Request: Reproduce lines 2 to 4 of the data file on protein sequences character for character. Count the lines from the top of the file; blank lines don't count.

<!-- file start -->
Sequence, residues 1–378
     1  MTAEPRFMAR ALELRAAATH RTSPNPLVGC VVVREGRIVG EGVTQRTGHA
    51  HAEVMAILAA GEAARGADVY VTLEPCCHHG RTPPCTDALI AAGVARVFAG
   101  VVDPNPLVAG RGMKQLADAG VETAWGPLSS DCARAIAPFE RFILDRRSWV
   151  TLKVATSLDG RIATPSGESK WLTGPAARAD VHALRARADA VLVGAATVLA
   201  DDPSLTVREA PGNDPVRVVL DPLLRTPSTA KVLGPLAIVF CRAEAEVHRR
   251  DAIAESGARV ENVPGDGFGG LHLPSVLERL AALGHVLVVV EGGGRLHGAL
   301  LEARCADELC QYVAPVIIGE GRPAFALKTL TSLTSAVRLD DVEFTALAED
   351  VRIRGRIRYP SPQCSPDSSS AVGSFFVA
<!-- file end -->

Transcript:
     1  MTAEPRFMAR ALELRAAATH RTSPNPLVGC VVVREGRIVG EGVTQRTGHA
    51  HAEVMAILAA GEAARGADVY VTLEPCCHHG RTPPCTDALI AAGVARVFAG
   101  VVDPNPLVAG RGMKQLADAG VETAWGPLSS DCARAIAPFE RFILDRRSWV